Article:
1991 ZR-1 Corvette

Most people would probably be quite content with a stock ZR-1. With 405 horsepower on tap, quarter-mile times deep into the 13s and world-class handling characteristics, the average person would feel like the king of the road. Well, judging by the demeanor

Greg Pernula Aug 1, 1998 0 Comment(s)

Step By Step

John Marshall is a long way from being average. With a little help from Lingenfelter Performance, John has taken his ´94 Torch Red ZR-1 to the next level in order to annihilate the exotics (Porsches, Ferraris, etc.) which inhabit his South Florida surroundings.

John is an emergency room director in South Florida. He's used to doing things fast, and he likes fast cars. Before he bought this ZR-1, he owned Porsche 928s, twin-turbo 911s and the like. He was just into Porsches, but, as we all know, Porsches must be constantly maintained, and aren't known for their reliability. John wanted a car that combined reliability with brute power, and would be backed by a strong aftermarket.

The ZR-1 featured here is just what the doctor ordered on all counts. Drop-shipped directly to Lingenfelter, the LT5 was immediately stroked out to displace 385 cubic inches, and produced 575 horsepower at the flywheel. Since then, it has been further stroked out to 415 cubic inches, and now produces in the neighborhood of 630 horsepower.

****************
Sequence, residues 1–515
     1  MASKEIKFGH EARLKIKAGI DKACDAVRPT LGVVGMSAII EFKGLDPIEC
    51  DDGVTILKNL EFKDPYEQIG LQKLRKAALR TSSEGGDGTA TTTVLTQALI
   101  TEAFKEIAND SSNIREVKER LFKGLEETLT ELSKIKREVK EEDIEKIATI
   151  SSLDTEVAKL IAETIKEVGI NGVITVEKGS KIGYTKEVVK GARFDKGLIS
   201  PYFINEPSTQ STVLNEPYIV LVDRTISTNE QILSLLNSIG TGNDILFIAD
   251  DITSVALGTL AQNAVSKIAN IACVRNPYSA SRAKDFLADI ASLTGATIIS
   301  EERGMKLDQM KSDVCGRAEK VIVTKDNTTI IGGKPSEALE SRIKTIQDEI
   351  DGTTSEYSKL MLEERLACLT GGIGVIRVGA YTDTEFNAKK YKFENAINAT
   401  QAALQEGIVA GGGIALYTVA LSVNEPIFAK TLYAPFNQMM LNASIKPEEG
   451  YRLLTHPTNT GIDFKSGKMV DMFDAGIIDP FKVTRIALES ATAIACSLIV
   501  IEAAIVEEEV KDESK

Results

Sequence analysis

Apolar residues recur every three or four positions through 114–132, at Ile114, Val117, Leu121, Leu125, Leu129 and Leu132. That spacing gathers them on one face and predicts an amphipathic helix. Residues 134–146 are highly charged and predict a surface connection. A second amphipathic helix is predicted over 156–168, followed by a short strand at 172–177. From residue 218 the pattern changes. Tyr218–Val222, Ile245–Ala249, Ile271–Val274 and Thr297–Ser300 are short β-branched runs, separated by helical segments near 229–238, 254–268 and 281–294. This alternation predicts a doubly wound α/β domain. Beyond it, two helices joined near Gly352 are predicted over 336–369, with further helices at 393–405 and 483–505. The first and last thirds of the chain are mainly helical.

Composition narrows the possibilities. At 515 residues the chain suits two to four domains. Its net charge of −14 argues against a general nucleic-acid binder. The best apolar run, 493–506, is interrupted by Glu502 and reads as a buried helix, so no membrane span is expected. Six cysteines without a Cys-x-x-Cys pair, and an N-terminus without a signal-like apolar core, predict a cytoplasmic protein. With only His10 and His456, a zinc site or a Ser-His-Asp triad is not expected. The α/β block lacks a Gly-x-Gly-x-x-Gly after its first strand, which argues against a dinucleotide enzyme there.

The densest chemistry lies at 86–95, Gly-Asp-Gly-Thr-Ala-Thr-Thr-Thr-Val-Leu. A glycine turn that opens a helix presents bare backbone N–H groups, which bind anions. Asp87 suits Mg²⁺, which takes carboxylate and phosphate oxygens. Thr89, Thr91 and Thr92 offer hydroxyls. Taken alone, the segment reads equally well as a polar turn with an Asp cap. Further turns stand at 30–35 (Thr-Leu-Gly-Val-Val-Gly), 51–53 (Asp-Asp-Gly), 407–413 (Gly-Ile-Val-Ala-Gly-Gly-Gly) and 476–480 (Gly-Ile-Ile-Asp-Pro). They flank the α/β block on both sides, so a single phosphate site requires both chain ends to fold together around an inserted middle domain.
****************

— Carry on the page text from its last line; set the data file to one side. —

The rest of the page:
With all this horsepower, John needed a suspension that could keep his road rocket firmly planted at all speeds--so while it was at Lingenfelter, it received the full Doug-Rippie treatment, consisting of a complete coil-over suspension with a modified ride-control module. John Greenwood put together a braking system utilizing Brembo cross-drilled rotors to bring this experiment in brute power to a halt. At the time these photos were taken, 17x10 and 17x13 Dymag wheels occupied the front and rear wheelwells. John has replaced those with 18" HRE wheels. A Mallett 3" stainless-steel, twin cross-over exhaust was pressed into service, along with Watson headers. To keep the EPA happy, Random Technology high-performance catalytic converters do their part in keeping the exiting fumes on the clean side. A Callaway single-mass flywheel resides in between the LT5 and the stock ZF 6-speed, and a 4.09 ring and pinion makes sure a full-faced grin is only a throttle mash away. The interior was pretty much left alone, except for a Doug Rippie roll bar. John's ZR-1 also features a Griffin radiator to make sure the LT5 doesn't get all hot and bothered.

John has never run the car down the quarter-mile, but similarly equipped ZR-1s have done the 1320 happy dance with times consistently dipping into the mid-10s and speeds exceeding 130 mph. The ZR-1 takes a trip to Lingenfelter every spring for upgrades, and John has just ordered a C5 convertible. Guess where it's headed when it sees the light of day? You're right--Lingenfelter. By the way, John has a prescription for anyone who wishes to tangle with his ZR-1: "Take a good look at my taillights and call me in the morning!"

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